Recognition of the negative impact of natural disasters on business continuity has deepened since the Great East Japan Earthquake and 2011 Thailand floods. Because large-scale natural disasters significantly affect not only local businesses but also the entire global supply chain, it is vitally important that corporations develop Business Continuity Plans (BCPs) in preparation for major natural disasters.
Global BCP trend
Businesses are always battling against various types of threats to business continuity. To prevent interruptions and accompanying losses in the event of natural disasters, pandemics, etc., a growing number of companies are developing BCPs that define routine business activities and the means of continuing them, or achieving swift recovery, when such disasters strike.*1 Now that business is so dependent on sophisticated information systems, no company can afford to be without a BCP and Disaster Recovery (DR) plan.
Drawing up a BCP helps a business to continue operating during a disaster or shorten recovery time following a disaster.
Since the September 11 attacks, worldwide recognition of the importance of BCPs has increased and corporations in Europe and America have addressed BCP issues with more care. Several multinational corporations have even established unified standards for their branches worldwide. In Japan, the Great East Japan Earthquake further heightened awareness of BCPs and impelled many companies to begin implementing concrete countermeasures.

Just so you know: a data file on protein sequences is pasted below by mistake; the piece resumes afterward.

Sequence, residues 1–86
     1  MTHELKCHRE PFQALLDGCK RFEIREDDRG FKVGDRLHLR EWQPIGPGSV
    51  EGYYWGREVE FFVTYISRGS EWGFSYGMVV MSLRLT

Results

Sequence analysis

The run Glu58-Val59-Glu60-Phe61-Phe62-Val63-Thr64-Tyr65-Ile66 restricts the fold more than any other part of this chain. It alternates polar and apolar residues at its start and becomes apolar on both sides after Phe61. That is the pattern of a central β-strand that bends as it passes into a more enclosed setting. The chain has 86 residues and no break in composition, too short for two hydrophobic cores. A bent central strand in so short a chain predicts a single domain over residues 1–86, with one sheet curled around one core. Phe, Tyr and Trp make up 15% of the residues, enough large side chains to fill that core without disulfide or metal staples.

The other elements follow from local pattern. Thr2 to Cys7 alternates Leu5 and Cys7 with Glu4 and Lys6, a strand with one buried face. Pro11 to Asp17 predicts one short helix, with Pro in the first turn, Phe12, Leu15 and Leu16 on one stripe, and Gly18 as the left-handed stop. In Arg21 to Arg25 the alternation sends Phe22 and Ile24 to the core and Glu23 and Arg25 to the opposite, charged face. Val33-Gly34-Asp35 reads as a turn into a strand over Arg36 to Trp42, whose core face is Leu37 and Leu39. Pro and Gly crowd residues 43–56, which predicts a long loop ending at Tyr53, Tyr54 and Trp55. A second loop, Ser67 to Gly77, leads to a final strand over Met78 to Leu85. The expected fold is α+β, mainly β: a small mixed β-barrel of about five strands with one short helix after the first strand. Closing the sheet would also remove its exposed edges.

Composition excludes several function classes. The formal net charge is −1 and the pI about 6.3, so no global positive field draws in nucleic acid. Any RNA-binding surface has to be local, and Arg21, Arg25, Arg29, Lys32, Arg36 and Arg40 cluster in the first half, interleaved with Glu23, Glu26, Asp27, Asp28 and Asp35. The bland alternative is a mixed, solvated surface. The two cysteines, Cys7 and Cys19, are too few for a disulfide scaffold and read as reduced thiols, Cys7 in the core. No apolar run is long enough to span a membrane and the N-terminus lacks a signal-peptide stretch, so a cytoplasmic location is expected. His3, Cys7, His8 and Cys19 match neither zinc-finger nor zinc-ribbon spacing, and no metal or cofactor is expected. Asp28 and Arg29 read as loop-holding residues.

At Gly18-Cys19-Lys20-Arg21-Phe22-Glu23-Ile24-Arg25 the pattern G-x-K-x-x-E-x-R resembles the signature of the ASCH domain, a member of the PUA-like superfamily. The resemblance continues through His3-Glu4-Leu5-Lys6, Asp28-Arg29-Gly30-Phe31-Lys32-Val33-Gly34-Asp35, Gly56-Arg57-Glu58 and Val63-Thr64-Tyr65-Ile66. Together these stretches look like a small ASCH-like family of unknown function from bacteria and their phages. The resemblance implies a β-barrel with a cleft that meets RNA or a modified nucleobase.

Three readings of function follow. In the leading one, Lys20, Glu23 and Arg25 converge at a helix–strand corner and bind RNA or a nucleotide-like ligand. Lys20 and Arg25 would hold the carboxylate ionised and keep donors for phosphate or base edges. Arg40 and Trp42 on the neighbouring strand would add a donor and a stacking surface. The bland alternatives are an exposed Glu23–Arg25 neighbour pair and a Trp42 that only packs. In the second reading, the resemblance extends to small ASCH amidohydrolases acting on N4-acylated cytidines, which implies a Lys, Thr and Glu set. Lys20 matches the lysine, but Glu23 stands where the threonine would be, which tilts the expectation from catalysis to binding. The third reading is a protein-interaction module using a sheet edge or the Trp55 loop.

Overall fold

Risk and the necessity of BCPs in Asia
In the booming Asian economies, there is a tendency to prioritize economic efficiency and growth at the expense of other considerations. As a result, Asia generally lags behind the West in implementing expensive disaster response measures in their infrastructures*2. This is true even though Asia is more vulnerable to natural disasters like floods, earthquakes and pandemics than the rest of the world and is therefore in more urgent need of BCP measures.
Both number of natural disaster occurrence and amount of damage occupies large portion of percentage, comparing with the rest of the world regions.
The 2011 floods in Thailand are a dramatic example of the risks posed by natural disasters in Asia. The floods severely impacted Japanese automobile, electronics, chemical and other corporations operating over 3,100 companies*3 in the country. Moreover, damage to the factories of foreign hard disk drive (HDD) makers in Thailand significantly affected PC manufacturers and caused a steep rise in global HDD prices. Similar flooding tends to occur in countries bordering Thailand (such as Myanmar, Laos, Cambodia, Vietnam and Bangladesh)*2, which generally share its climate and geographical conditions.
Asia has far more reported human cases of bird flu (H5N1) than the rest of the world.
Source: About bird flu (H5N1) by Health, Labour and Welfare Ministry (Japanese)
(Please refer to this site for the latest bird flu figures.)
When considering the risks of conducting business in Asia, one must always keep pandemics in mind. While pandemics don't affect facilities or computer systems, they prevent people from commuting to and running the facilities. If a pandemic strikes, such activities as commuting, business trips, meetings, travel between offices and visits to clients may become severely regulated. As a result, businesses are highly encouraged to take BCP countermeasures in Asia.
- *2 Source: Japan should make contributions through its world's best disaster prevention technology for Thai Flood by Tomoyuki Takahashi (Professor of Safety Science, Kansai University) (Japanese)